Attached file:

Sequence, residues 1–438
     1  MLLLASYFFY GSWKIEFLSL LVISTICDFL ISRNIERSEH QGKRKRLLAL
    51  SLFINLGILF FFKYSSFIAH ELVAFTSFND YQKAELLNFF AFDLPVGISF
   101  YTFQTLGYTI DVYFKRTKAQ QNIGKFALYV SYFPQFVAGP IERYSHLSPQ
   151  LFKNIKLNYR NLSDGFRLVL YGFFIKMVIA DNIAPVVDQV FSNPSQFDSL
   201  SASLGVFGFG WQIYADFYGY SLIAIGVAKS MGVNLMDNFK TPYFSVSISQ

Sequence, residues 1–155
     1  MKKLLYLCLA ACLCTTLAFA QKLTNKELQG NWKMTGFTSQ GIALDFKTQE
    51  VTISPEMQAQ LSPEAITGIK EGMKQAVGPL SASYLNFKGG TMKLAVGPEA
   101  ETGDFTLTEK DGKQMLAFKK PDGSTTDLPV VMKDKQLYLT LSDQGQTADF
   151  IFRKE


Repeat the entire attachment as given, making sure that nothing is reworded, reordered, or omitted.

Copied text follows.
Sequence, residues 1–438
     1  MLLLASYFFY GSWKIEFLSL LVISTICDFL ISRNIERSEH QGKRKRLLAL
    51  SLFINLGILF FFKYSSFIAH ELVAFTSFND YQKAELLNFF AFDLPVGISF
   101  YTFQTLGYTI DVYFKRTKAQ QNIGKFALYV SYFPQFVAGP IERYSHLSPQ
   151  LFKNIKLNYR NLSDGFRLVL YGFFIKMVIA DNIAPVVDQV FSNPSQFDSL
   201  SASLGVFGFG WQIYADFYGY SLIAIGVAKS MGVNLMDNFK TPYFSVSISQ

Sequence, residues 1–155
     1  MKKLLYLCLA ACLCTTLAFA QKLTNKELQG NWKMTGFTSQ GIALDFKTQE
    51  VTISPEMQAQ LSPEAITGIK EGMKQAVGPL SASYLNFKGG TMKLAVGPEA
   101  ETGDFTLTEK DGKQMLAFKK PDGSTTDLPV VMKDKQLYLT LSDQGQTADF
   151  IFRKE